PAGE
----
b. Keep a bookmark or two in your Bible and use them as you could be looking up a great number of passages. Keep one or two in your concordance as well.
Or word study such as "Vine’s Expository Dictionary of New Testament Words" or the "Theological Dictionary of the New Testament." Since the Bible we read today is a translation of thoughts and ideas that were originally written in Hebrew, Aramaic, and Greek, such a tool is useful in determining the original intent of the author by making available to the modern reader a detailed definition of the English word(s) in the context of the original language word(s) used. Most lexicons will also give detailed information as to how the original word(s) would have been used by men and women alive at the time that the passage was written. A concise dictionary of the words in The Hebrew Bible by James Strong here.
How to use this tool
a. Like a concordance, the lexicon is usually keyed to a specific translation of the Bible so the usage tips that apply to finding a specific word in a concordance also apply to the lexicon.
b. A good lexicon will also list the various ways in which the original word was translated into your language, some of which may better agree with your preconceptions than others. Let the context in which the word appears in the Bible be your guide as you select which of the definitions to apply to your study.
Simply put, an interlinear Bible is a Bible in which each line of English text is interspersed by that same text as it would appear in the original language. This allows you to actually see the structure of thought in the original and gives you an extremely literal translation, although very difficult to understand. A second advantage of using an interlinear Bible is that you can determine at a glance the actual words used by the original authors and how these words have subsequently been treated by the translators of the English Bible. Most bookstores will have copies available of some form of interlinear New Testament, and most computer Bible programs will also have an interlinear New Testament. Interlinear copies of the Old Testament are less practical as Hebrew was written from right to left and therefore an exact English translation would be extremely difficult to read unless the Hebrew original were to be reversed, which would somewhat defeat the purpose of the process.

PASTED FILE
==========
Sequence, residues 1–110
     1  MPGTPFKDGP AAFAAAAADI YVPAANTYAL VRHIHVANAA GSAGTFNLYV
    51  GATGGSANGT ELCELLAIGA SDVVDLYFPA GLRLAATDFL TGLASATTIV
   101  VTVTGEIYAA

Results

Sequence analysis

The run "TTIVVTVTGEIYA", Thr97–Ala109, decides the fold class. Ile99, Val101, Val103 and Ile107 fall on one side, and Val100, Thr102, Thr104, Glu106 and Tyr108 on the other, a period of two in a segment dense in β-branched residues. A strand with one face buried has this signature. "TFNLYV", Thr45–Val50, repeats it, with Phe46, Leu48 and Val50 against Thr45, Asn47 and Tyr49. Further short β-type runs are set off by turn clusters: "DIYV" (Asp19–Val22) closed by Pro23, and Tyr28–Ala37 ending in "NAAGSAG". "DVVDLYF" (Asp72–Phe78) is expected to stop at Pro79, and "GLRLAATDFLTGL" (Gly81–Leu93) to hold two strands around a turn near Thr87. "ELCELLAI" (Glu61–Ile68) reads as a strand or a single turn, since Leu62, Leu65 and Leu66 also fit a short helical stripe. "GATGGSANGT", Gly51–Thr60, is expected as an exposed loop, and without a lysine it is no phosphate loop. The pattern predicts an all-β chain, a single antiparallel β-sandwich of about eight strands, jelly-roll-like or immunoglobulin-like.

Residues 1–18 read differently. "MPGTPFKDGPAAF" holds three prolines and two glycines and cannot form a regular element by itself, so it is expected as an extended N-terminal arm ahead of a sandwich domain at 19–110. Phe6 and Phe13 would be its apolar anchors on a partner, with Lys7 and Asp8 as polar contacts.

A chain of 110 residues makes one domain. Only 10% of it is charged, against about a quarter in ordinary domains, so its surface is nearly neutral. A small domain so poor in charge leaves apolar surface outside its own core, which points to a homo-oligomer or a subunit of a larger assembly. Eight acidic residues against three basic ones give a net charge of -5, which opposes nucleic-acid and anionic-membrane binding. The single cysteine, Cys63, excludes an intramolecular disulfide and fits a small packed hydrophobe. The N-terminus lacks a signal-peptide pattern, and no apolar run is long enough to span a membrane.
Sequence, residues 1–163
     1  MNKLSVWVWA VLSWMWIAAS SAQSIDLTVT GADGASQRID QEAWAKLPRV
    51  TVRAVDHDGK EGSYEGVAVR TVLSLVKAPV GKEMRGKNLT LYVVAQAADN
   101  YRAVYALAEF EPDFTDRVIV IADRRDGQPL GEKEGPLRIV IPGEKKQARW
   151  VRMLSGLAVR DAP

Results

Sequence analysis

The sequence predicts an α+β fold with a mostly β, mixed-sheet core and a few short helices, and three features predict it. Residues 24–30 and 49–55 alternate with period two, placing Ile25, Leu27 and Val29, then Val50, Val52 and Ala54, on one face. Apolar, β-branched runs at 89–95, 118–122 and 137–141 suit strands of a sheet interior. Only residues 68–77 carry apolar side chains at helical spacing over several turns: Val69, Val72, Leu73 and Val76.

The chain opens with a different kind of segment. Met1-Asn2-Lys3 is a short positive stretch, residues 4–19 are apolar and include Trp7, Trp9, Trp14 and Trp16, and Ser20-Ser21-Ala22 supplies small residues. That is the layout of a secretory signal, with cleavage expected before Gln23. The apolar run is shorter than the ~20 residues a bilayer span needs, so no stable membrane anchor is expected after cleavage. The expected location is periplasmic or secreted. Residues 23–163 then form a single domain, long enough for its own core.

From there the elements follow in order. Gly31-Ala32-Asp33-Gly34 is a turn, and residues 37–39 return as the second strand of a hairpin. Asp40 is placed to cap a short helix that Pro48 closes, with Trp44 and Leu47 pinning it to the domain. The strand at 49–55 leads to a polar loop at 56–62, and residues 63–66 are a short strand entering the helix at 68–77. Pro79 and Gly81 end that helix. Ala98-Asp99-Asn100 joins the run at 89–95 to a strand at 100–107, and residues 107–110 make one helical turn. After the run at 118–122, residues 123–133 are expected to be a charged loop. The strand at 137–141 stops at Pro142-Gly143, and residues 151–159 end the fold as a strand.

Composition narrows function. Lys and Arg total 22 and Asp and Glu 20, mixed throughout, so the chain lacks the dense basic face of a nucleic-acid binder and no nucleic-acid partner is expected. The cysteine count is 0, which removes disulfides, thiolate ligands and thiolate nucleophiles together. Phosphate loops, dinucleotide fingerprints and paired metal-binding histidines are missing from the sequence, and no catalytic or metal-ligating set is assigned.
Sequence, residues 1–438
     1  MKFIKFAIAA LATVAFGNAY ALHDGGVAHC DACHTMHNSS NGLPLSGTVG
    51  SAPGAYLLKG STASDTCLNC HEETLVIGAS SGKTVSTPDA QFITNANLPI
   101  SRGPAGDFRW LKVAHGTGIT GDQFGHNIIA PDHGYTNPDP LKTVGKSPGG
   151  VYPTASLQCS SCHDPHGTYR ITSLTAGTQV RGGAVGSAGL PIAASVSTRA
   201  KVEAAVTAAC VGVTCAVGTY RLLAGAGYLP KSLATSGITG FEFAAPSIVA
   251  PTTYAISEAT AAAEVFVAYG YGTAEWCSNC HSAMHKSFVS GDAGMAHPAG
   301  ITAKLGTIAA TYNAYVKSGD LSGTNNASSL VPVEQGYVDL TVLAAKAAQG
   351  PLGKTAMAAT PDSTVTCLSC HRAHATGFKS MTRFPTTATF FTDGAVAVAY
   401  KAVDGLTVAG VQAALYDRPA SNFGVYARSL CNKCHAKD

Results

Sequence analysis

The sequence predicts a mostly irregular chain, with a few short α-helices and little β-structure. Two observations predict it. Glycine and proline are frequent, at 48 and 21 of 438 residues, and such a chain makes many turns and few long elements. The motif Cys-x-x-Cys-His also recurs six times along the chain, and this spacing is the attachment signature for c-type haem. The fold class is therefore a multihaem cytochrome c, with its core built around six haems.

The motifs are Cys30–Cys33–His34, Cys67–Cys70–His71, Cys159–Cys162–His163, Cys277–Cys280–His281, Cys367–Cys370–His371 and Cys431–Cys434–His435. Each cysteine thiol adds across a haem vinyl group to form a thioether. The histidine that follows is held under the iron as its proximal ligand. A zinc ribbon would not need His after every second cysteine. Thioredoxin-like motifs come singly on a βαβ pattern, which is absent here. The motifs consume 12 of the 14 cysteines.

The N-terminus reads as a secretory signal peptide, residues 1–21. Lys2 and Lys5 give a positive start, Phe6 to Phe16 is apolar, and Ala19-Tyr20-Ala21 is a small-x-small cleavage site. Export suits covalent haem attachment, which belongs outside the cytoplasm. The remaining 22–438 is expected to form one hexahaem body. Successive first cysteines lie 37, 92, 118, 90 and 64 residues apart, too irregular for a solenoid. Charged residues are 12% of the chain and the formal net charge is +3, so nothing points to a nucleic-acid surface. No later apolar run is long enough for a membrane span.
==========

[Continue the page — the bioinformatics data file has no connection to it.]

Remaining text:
A parallel Bible contains two or more translations of the Bible in the same language. This tool is useful when the student wishes to compare how a passage has been translated by differing schools of thought. Again, although the student may be tempted to accept on translation's treatment over an other's, we must all remain open to the guidance of God's Holy Spirit and allow Him to teach us what we need to be taught rather than choosing a translation that appeals to our opinions or bends the Bible to our own will.
As the difference between even the two most divergent translation traditions (as represented by the King James Version and the New International Version) amounts at most to only 5% of the Bible, and as this difference in no way affects any critical Christian doctrine, the parallel Bible is often less important than the other Bible study tools.
It does, however, allow the student to easily determine where differences have occurred and perhaps note those areas for further study. One problem with studying with a parallel Bible lies in the uncertainty of which text to follow in the event of textual differences. In the case where such differences occur it is recommended that you fall back upon an alternate resource, such as “The New Treasury of Scripture Knowledge” (below) in order to determine what alternate passages of the Bible may have to say regarding the passage being studied.
How to use this tool
In the section below on Indecisiveness, the dangers of having differing opinions of a certain passage is discussed. As the various translations within a parallel Bible will often express Biblical teaching in different ways we may be tempted to choose the translation that most suits our desires. Again, it is the context of the passage that determines its meaning. Alternate translations may shed light on a passage but their teaching must not be accepted simply because it appeals to us. We must also take care not to reject an alternate translation if it states things differently than does our favored translation.